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BEYMA 12XA30ND 12" Coaxial Driver Impressions

milezone

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I recently assembled a pair of speakers using Beyma 12XA30ND coaxial drivers (12"woofer mounted around a 2" throat compression driver) in a simple open baffle configuration. I've heard and owned many varieties of well regarded and exotic speakers over the years including Genelec Ones, electrostatic speakers (Quad 57s, KLH 9s, Acoustat 3s with servo amplifiers, King Sound, Soundlabs), JBL horns, Meyer Sound BlueHorns, full range drivers with ribbon tweeters, Apogee Studio Grand panel ribbons, Kharma Enigma, Wilsons, Magicos, Linkwitz LX521.4, plasma tweeters, vintage Tannoy silvers among others.

Many of these designs have major shortcomings -- panels are fussy, fragile, have poor dispersion and often present an unnatural sound due to large driver size, horns tend to have colorations which are oftentimes unbearable, many of these designs are excessively expensive, and some scarcely available to do failing parts and obsolescence.

I'm powering the Beymas with an inexpensive single ended 4w+4w tube amplifier -- https://www.ebay.com/itm/251524489767. According to the vendor this amp has low distortion specs for a single ended amplifier. I don't have measurement equipment so who knows... The combination with the high efficiency drivers and a Topping D90S sounds excellent. I'm using the recommended Beyma FD2XA crossover. In small open baffles the treble was a bit accentuated at first. There's an aluminum bridge pin on each crossover which can be removed to reduce the treble by 1.5db. This tamed the treble to a degree that is satisfactory. I believe that with more wattage (10W+ tube or 100W+ SS amplification) the frequency response would be more even. I intend to compare some higher watt solid state amplifiers with the inexpensive FU19 tube amp that I'm using now. And in addition bi amp the drivers in order to experiment with digital filters and make measurements. In addition I think a 15" complementary driver to handle the bass would improve these speakers further. All that said I'm drawn to the simplicity of the setup as it is right now compared with speakers which go the route of complexity (Genelec Ones, Kii 3s, Danley Synergy Horns, etc.).

I own two pairs of Genelec 8331As and have demoed a pair of 8351Bs in the same listening room as the Beymas. The primary difference when comparing the two speakers is the Genelecs seem constrained or limited in dynamics compared to the Beyma coaxials. And the Beymas have a more open and effortless presentation. I attribute this to the high efficiency drivers and possibly also the lack of DSP. Contrary to what I imagined would be the case, I prefer the treble detail of the Beyma drivers. They are more resolving than my Genelecs. These are outstanding drivers that are seldom matched at any price point. As anticipated the sound signature of these speakers is extremely dry and fast and they emit a sound that is dynamic and tactile.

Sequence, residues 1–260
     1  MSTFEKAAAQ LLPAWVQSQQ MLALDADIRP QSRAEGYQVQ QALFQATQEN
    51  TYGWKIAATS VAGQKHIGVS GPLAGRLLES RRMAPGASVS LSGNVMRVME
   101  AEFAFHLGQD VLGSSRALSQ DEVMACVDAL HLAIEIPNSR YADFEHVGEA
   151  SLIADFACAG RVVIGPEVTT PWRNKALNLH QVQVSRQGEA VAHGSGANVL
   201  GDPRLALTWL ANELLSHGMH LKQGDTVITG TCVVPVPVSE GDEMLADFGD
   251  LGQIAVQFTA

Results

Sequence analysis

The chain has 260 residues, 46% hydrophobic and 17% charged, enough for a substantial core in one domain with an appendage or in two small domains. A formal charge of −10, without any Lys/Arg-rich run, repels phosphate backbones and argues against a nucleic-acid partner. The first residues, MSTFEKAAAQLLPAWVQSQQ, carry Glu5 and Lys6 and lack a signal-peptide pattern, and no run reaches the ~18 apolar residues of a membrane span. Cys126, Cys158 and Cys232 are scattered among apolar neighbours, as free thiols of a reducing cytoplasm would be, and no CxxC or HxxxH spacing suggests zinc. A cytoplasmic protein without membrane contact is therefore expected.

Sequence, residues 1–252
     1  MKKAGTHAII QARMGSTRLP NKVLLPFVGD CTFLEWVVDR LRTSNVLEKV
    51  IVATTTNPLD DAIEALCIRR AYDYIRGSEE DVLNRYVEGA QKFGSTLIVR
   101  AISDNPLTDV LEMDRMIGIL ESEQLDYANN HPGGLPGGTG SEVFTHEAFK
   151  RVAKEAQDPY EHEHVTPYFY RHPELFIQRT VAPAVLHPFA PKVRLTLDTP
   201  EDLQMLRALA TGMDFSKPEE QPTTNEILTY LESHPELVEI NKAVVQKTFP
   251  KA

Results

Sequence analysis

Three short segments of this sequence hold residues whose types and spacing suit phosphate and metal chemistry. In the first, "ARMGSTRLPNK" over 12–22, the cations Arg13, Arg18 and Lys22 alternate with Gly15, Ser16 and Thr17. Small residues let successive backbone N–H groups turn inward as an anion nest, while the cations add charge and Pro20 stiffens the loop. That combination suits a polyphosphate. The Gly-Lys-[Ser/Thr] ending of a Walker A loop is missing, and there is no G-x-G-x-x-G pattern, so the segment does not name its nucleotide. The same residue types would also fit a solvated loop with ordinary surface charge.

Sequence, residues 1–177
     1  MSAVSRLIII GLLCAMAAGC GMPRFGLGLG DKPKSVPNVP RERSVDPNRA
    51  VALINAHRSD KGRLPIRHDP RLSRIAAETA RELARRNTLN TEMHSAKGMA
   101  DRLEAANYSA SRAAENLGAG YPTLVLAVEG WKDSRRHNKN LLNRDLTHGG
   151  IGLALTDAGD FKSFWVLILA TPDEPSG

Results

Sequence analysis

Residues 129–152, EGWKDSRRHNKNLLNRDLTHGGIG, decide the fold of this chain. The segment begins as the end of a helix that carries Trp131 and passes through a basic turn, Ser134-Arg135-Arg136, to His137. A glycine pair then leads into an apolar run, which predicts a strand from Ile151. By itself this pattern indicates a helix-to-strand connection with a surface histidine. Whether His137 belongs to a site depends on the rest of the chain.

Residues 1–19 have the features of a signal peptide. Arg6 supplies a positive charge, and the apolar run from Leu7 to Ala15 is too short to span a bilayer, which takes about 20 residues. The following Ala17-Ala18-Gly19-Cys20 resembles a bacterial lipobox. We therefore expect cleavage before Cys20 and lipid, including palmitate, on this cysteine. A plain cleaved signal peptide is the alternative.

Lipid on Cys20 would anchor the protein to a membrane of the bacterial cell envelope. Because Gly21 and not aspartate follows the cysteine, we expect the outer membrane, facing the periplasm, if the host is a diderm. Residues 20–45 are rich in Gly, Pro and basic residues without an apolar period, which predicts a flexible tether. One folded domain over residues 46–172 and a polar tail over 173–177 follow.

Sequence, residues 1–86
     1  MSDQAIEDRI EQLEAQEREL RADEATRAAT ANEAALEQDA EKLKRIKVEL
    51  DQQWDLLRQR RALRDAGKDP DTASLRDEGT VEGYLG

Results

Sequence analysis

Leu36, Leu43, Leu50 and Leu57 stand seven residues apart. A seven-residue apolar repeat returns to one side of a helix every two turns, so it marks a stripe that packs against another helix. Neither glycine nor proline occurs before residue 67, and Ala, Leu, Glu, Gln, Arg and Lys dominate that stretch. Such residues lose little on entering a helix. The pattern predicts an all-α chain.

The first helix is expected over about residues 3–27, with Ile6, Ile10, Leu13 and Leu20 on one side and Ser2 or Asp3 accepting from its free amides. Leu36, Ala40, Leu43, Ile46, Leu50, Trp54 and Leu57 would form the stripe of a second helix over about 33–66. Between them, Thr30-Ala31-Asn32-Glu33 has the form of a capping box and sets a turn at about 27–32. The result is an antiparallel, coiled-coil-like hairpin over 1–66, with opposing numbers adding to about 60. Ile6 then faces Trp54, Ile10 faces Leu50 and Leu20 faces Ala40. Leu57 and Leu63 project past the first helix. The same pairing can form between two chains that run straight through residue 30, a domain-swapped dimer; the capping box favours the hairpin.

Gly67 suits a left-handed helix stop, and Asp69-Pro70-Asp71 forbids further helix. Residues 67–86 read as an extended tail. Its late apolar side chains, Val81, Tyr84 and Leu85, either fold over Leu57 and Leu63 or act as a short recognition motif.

Edit: Upon comparison with my other speakers, there is no perceived difference in dynamics between these Beymas and my Genelecs at normal listening levels. As mentioned the Beymas perform better at loud volumes which my 8331s can't reach without clipping severely. And I maintain that I prefer their performance to the Genelec 8351s which I demoed. My conclusion at this point, is that dynamics and driver technology and or sensitivity are not necessarily related. The Beymas are excellent for filling a large space as they can play loud without any reduction in resolution, and presumably have good directivity at mid to far field listening distances. My conclusion is that for any normal size home, a large coax like this one is sufficient. Horns are presumably necessary in larger venues, and or to achieve certain directivity characteristics, or if one desires to use a specific variety of compression driver for whatever reason.
 
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More Dynamics Please